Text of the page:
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ERIC Number: ED550185
Record Type: Non-Journal
Publication Date: 2011
Pages: 164
Abstractor: As Provided
ISBN: 978-1-2671-9659-0
An Investigation of Psychiatry Residents' Important Experiences
Long, Jody
ProQuest LLC, Ed.D. Dissertation, The University of Memphis
This research study was conducted to explore the phenomenon of the third-year experiences of the psychiatry residents. A review of the literature identified themes and subthemes related to the third-year of psychiatry education. The study was conducted at a university health science center. Data were collected from five residents using participant interviews, focus groups and research observation. The research question was, "What are the important experiences of psychiatry residents and what meaning do they ascribe to these experiences in their acquisition of psychiatric skill?" Qualitative methodology provided a systemic approach for answering the research question through a detailed analysis of the data. This study revealed four themes common to the students in the study. The first theme, Residency Choice was a Momentous Decision, disclosed that the psychiatry residents in this study saw their choice of residency as one of the most important decisions in their lives. The second theme, Observation and Reflection Should be Modeled Prior to Practice, displayed how psychiatry residents preferred observation and reflection of the psychiatric skills taught. The third theme, The Value of the Third Year was the Shift to Psychotherapy Training, revealed that the residents did not see prescribing medications as their sole training objective. The fourth theme, Competency was Overcoming Class Discord to Acquire Their Psychiatric Skills, showed that residents were able to maneuver class conflicts to acquire a competent skill set. In conclusion, this research study revealed that psychiatric residents saw the third year of their psychiatry education as foundations to build the careers were able to acquire competent psychiatric skills. [The dissertation citations contained here are published with the permission of ProQuest LLC. Further reproduction is prohibited without permission. Copies of dissertations may be obtained by Telephone (800) 1-800-521-0600. Web page:]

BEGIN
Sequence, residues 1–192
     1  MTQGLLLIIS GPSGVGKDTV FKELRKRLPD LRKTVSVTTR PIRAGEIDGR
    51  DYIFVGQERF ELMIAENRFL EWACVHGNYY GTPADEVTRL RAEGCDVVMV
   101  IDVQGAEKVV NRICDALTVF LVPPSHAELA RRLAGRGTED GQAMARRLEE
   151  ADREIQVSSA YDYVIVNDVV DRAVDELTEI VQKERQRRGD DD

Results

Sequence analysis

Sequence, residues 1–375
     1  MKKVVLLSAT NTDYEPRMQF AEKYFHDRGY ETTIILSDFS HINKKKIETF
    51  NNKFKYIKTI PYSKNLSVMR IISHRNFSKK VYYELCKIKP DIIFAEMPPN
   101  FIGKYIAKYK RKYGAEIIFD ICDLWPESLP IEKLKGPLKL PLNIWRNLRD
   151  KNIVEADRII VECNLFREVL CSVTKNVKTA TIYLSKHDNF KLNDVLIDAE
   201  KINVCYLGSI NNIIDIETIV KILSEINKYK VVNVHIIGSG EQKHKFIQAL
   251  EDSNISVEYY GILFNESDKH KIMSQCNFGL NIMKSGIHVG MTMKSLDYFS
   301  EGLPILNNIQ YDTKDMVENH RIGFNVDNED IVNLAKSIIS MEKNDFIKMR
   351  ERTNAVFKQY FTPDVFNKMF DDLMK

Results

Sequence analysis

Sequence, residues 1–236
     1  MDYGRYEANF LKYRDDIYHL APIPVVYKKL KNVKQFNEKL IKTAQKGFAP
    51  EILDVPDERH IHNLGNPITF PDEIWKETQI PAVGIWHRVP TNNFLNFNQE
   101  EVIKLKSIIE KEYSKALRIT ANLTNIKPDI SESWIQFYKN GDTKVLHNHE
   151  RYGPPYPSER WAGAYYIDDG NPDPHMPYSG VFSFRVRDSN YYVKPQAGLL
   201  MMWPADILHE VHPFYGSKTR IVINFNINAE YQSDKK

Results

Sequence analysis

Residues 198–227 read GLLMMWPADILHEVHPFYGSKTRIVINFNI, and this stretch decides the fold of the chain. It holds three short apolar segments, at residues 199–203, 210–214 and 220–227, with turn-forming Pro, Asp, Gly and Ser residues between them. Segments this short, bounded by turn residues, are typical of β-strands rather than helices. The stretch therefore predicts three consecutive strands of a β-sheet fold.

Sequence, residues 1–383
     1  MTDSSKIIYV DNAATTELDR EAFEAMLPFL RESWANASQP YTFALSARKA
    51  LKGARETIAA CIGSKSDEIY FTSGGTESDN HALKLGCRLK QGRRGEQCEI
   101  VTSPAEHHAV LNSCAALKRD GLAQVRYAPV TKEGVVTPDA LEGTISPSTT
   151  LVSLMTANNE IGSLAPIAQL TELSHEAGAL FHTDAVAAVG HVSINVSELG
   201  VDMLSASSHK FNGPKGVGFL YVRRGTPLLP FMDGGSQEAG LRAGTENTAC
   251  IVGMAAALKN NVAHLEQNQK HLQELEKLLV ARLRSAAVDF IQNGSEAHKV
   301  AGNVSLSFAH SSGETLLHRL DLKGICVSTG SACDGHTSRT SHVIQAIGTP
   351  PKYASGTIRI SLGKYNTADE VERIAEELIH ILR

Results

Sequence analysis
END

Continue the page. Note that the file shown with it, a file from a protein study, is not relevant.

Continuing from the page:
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Publication Type: Dissertations/Theses - Doctoral Dissertations
Education Level: Higher Education; Postsecondary Education
Audience: N/A
Language: English
Sponsor: N/A
Authoring Institution: N/A